Streeter v. Social Security Administration
OPINION AND ORDER by Magistrate Judge Frank H McCarthy (Affirming the Commissioner's decision) (tjc, Dpty Clk)
IN THE UNITED STATES DISTRICT COURT FOR THE
NORTHERN DISTRICT OF OKLAHOMA
Case No. 15-CV-438-FHM
NANCY A. BERRYHILL,1
Acting Commissioner, Social Security
OPINION AND ORDER
Plaintiff, Nicole Streeter, seeks judicial review of a decision of the Commissioner of
the Social Security Administration denying Social Security disability benefits.2
accordance with 28 U.S.C. § 636(c)(1) & (3), the parties have consented to proceed before
a United States Magistrate Judge.
Standard of Review
The role of the court in reviewing the decision of the Commissioner under 42 U.S.C.
§ 405(g) is limited to a determination of whether the record as a whole contains substantial
evidence to support the decision and whether the correct legal standards were applied.
See Briggs ex rel. Briggs v. Massanari, 248 F.3d 1235, 1237 (10th Cir. 2001); Winfrey v.
Chater, 92 F.3d 1017 (10th Cir. 1996); Castellano v. Secretary of Health & Human Servs.,
Pursuant to Fed. R. Civ. P. 25(d)(1), Nancy A. Berryhill, Acting Commissioner of Social Security
Administration, is substituted as the defendant in this action. No further action need be taken to continue
this suit by reason of the last sentence of section 205(g) of the Social Security Act, 42 U.S.C. § 405(g).
Plaintiff's November 8, 2012, application for disability benefits was denied initially and on
reconsideration. Plaintiff waived her right to personally appear and testify at a hearing. By decision dated
January 31, 2014, Administrative Law Judge (ALJ) John W. Belcher entered the findings that are the subject
of this appeal. The Appeals Council denied Plaintiff’s request for review on July 22, 2015. The decision of
the Appeals Council represents the Commissioner's final decision for purposes of further appeal. 20 C.F.R.
§§ 404.981, 416.1481.
26 F.3d 1027, 1028 (10th Cir. 1994). Substantial evidence is more than a scintilla, less
than a preponderance, and is such relevant evidence as a reasonable mind might accept
as adequate to support a conclusion. Richardson v. Perales, 402 U.S. 389, 401, 91 S. Ct.
1420, 1427, 28 L. Ed.2d 842 (1971) (quoting Consolidated Edison Co. v. NLRB, 305 U.S.
197, 229 (1938)). The court may neither reweigh the evidence nor substitute its judgment
for that of the Commissioner. Casias v. Secretary of Health & Human Servs., 933 F.2d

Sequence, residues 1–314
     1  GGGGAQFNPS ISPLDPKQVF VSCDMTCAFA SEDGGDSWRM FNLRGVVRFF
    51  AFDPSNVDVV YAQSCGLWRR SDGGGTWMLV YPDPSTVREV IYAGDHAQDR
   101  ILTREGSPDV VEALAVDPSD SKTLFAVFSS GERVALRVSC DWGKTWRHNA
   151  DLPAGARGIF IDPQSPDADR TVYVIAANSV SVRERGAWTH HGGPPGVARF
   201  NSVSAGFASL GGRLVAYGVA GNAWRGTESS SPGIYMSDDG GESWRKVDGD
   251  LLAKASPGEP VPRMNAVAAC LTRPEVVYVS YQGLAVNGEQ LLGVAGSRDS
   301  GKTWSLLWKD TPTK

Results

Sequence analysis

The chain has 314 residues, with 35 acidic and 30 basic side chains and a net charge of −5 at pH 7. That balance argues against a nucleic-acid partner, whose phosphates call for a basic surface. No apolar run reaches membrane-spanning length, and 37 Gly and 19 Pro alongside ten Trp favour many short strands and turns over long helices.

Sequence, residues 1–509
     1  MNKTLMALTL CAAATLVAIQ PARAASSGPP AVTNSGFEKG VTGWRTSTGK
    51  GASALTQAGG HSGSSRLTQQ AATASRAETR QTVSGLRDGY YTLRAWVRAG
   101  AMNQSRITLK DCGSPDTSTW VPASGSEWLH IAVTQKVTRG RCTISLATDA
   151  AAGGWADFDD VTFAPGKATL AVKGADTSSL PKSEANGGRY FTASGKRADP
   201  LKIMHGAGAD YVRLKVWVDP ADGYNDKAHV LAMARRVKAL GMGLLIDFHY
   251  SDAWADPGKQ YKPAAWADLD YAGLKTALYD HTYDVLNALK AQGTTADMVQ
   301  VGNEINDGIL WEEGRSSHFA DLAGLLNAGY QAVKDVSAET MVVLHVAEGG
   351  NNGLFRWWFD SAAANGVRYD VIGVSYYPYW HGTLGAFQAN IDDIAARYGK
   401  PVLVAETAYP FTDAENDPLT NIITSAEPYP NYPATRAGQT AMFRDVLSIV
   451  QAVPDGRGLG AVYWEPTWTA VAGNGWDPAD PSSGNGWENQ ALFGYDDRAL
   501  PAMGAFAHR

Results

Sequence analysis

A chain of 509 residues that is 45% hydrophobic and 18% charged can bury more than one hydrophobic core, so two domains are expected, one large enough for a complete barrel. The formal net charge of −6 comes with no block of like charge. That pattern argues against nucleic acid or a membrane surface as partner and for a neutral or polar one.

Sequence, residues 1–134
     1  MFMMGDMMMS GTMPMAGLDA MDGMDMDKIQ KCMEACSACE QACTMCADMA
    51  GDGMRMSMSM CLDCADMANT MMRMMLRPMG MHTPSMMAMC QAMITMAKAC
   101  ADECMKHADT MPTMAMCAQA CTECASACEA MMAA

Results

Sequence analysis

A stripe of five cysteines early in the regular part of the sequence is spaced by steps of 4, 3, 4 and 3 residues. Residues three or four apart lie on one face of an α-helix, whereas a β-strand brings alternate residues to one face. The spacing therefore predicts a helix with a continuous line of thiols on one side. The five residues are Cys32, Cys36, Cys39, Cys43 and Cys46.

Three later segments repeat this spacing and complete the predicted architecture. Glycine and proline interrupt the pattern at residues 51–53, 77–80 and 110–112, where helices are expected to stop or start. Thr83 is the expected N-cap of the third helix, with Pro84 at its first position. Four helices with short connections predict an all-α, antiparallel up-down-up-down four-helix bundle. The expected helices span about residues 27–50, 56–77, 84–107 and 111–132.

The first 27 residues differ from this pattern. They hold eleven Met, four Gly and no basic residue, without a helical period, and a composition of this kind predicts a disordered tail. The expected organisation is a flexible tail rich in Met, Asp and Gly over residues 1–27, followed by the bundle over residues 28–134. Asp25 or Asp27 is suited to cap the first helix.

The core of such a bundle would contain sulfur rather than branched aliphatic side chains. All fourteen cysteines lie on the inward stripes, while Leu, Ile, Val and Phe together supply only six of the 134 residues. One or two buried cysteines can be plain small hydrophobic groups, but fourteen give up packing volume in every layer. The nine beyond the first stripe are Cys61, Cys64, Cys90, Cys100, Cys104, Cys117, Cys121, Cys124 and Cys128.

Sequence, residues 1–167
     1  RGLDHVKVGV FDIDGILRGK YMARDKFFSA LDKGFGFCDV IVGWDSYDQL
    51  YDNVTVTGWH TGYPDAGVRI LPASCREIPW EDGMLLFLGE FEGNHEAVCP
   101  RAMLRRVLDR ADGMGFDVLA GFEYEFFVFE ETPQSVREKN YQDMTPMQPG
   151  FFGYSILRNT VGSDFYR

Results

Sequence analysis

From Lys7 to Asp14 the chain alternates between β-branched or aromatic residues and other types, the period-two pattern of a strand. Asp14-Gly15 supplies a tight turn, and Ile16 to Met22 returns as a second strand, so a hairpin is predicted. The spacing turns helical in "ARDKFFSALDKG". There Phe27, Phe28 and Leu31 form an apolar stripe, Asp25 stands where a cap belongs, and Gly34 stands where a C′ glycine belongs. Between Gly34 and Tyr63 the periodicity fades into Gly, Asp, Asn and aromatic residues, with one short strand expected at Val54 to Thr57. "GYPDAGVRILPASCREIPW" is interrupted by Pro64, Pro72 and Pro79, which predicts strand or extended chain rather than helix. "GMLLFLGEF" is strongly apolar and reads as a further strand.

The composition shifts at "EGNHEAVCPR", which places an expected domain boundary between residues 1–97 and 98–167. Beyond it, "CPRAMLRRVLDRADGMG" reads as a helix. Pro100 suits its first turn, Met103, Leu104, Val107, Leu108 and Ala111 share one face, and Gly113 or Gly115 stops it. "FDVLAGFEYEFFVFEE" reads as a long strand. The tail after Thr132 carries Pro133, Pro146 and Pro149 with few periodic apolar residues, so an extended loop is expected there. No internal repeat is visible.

799, 800 (10th Cir. 1991). Even if the court would have reached a different conclusion, if
supported by substantial evidence, the Commissioner’s decision stands. Hamilton v.
Secretary of Health & Human Servs., 961 F.2d 1495 (10th Cir. 1992).
Plaintiff was 39 years old on the alleged date of onset of disability and 41 on the date
of the ALJ’s denial decision She is a high school graduate with some college education.
Plaintiff formerly worked as packer/sorter, boys monitor, and residential counselor. She
claims to have been unable to work since July 29, 2011 as a result of hypertension, a
history of cervical, thoracic and lumbar strains, depression, anxiety, and panic attacks.
The ALJ’s Decision
The ALJ noted that Plaintiff knowingly and voluntarily in writing waived her right to
personally appear and testify at a hearing.
The ALJ submitted interrogatories to a
vocational expert. The ALJ found that Plaintiff has the residual functional capacity (RFC)
to perform medium work as defined in 20 C.F.R. § 404.1567(c) and 416.967(c), with the
limitation of being limited to simple, routine tasks involving no more than superficial contact
with coworkers and supervisors and no contact with the public. In addition, she must avoid
unprotected heights and dangerous machinery. Although Plaintiff is unable to perform her
past relevant work, based on the answers to interrogatories by the vocational expert, the
ALJ determined that there are a significant number of jobs in the national economy that
Plaintiff could perform with these limitations. The case was thus decided at step five of the
five-step evaluative sequence for determining whether a claimant is disabled. See Williams
v. Bowen, 844 F.2d 748, 750-52 (10th Cir. 1988) (discussing five steps in detail).
Plaintiff is proceeding pro se before this court.
Plaintiff filed a document on
September 8, 2016, [Dkt. 18], wherein she refers to Exhibit 8F, which is the report of a
mental status examination performed by Brian R. Snider, Ph.D., psychologist on April 26,
2013. [R. 325-328]. Dr. Snider concluded, as follows:
Ms. Streeter would probably have little difficulty understanding
and carrying out simple instructions and would likely have
moderate to marked difficulty with complex and detailed
instructions. She is likely to have marked to severe difficulty
concentrating and persisting through a normal work day due to
psychiatric symptoms. Her ability to maintain a normal